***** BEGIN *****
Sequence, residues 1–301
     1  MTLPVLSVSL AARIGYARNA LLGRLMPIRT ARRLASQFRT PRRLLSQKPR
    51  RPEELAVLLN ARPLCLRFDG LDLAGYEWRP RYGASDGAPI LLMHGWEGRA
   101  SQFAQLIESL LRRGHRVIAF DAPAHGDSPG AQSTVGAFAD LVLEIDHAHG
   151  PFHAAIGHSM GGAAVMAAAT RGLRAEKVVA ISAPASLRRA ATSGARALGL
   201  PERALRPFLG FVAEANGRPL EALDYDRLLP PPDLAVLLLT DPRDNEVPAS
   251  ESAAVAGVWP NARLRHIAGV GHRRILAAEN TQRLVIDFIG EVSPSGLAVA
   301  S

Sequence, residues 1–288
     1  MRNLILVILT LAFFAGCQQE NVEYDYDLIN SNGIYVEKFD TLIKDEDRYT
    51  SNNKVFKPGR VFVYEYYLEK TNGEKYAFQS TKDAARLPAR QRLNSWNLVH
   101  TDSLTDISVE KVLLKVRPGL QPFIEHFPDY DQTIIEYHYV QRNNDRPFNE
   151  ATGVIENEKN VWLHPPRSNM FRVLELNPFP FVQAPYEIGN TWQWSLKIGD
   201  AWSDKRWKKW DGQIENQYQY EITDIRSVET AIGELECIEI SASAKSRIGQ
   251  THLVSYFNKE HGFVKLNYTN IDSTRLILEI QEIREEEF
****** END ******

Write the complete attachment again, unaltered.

Sequence, residues 1–301
     1  MTLPVLSVSL AARIGYARNA LLGRLMPIRT ARRLASQFRT PRRLLSQKPR
    51  RPEELAVLLN ARPLCLRFDG LDLAGYEWRP RYGASDGAPI LLMHGWEGRA
   101  SQFAQLIESL LRRGHRVIAF DAPAHGDSPG AQSTVGAFAD LVLEIDHAHG
   151  PFHAAIGHSM GGAAVMAAAT RGLRAEKVVA ISAPASLRRA ATSGARALGL
   201  PERALRPFLG FVAEANGRPL EALDYDRLLP PPDLAVLLLT DPRDNEVPAS
   251  ESAAVAGVWP NARLRHIAGV GHRRILAAEN TQRLVIDFIG EVSPSGLAVA
   301  S

Sequence, residues 1–288
     1  MRNLILVILT LAFFAGCQQE NVEYDYDLIN SNGIYVEKFD TLIKDEDRYT
    51  SNNKVFKPGR VFVYEYYLEK TNGEKYAFQS TKDAARLPAR QRLNSWNLVH
   101  TDSLTDISVE KVLLKVRPGL QPFIEHFPDY DQTIIEYHYV QRNNDRPFNE
   151  ATGVIENEKN VWLHPPRSNM FRVLELNPFP FVQAPYEIGN TWQWSLKIGD
   201  AWSDKRWKKW DGQIENQYQY EITDIRSVET AIGELECIEI SASAKSRIGQ
   251  THLVSYFNKE HGFVKLNYTN IDSTRLILEI QEIREEEF